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[140] was required to report and to wait for the captain to come on deck before slipping the cable. The Oneida, when she saw the signal from the flagship, beat to quarters, but remained at anchor; and at 3.50, ‘having seen no vessel running out, beat a retreat.’1So says her log. The Cuyler, however, saw the Florida distinctly, and chased her during the rest of the night and the whole of the day; but though the blockading steamer could make at times fourteen knots, her highest speed that day was twelve and a half. At night the Florida changed her course and ran off to Cuba, where she was burning prizes the next day, while the Cuyler was looking for her in the Yucatan channel.

On the day after the Florida ran out, the Oneida was sent to Key West with despatches for Admiral Bailey, informing him of the escape of the Florida. Bailey sent her to the coast of Cuba; but she missed the Confederate cruiser, and Wilkes, commanding the Flying Squadron, having fallen in with her, constituted her a part of his force, as well as the Cuyler, to the no small injury of the blockade; an act which subsequently brought down upon him the displeasure of the Department.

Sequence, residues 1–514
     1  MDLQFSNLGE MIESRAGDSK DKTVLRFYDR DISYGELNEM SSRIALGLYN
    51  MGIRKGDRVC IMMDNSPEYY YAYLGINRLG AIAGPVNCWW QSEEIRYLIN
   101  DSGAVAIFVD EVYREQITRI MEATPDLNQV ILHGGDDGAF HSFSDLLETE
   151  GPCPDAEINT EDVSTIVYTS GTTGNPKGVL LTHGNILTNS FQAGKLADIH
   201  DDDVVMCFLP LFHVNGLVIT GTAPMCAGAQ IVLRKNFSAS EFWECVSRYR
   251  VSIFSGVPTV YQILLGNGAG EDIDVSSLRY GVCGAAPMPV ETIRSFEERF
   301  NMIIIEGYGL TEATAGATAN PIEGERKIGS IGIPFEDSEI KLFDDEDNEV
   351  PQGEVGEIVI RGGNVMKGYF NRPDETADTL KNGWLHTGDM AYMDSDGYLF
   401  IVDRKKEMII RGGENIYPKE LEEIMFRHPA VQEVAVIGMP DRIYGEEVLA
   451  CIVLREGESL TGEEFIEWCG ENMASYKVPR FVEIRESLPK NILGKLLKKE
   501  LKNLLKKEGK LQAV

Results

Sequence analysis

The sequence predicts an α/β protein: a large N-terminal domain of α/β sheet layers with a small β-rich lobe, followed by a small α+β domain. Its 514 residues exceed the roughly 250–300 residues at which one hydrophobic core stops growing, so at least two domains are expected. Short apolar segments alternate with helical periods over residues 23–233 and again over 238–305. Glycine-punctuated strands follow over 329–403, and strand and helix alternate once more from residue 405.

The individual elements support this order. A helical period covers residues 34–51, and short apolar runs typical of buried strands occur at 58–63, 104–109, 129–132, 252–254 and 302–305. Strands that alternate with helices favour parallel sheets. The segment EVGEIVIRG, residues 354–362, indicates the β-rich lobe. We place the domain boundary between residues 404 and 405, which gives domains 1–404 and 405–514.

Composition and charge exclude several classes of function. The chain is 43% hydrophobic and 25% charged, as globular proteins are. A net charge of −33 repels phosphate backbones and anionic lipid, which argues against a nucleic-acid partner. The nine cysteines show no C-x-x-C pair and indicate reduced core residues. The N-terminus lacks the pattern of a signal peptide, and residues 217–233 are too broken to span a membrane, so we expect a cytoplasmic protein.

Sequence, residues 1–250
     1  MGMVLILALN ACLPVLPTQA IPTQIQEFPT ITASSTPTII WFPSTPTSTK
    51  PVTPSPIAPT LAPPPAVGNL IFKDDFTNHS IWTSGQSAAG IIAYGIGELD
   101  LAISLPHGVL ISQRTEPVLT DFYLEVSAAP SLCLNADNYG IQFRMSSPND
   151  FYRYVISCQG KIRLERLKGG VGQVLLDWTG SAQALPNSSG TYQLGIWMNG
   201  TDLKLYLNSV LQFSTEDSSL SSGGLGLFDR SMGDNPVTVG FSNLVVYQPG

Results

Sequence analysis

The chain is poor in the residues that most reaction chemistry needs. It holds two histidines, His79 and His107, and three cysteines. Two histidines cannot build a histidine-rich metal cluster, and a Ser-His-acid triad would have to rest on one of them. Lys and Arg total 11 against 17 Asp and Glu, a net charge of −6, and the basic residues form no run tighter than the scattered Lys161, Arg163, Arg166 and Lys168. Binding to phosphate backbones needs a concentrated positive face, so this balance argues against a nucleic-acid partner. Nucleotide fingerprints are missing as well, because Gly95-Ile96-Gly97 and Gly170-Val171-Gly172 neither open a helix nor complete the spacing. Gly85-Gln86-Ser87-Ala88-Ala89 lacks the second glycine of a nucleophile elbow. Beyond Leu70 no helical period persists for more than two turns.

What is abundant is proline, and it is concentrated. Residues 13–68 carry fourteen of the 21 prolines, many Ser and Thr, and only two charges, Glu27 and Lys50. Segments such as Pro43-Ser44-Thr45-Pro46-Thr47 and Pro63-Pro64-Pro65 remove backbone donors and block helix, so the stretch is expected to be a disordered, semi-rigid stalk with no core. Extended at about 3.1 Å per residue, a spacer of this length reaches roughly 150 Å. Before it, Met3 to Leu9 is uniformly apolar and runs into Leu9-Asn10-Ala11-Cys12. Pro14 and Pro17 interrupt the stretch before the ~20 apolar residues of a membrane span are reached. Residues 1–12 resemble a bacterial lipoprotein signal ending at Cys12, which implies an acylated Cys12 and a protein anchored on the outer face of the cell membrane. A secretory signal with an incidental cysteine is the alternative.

Galveston, the third point of importance in the Gulf, was, like Mobile, comparatively easy of blockade, except against vessels of the lightest draft. The absence of strong fortifications, especially in the early part of the war, enabled the blockading vessels to he near the shore; and the town was exposed to the fire of the squadron, as it found to its cost in August, 1861, when a shore battery fired upon one of the South Carolina's tenders. Alden was then commanding the blockading force, and he brought the South Carolina, which drew only twelve feet, within a mile of the shore, and opened

1 Meaning ‘beat the retreat.’

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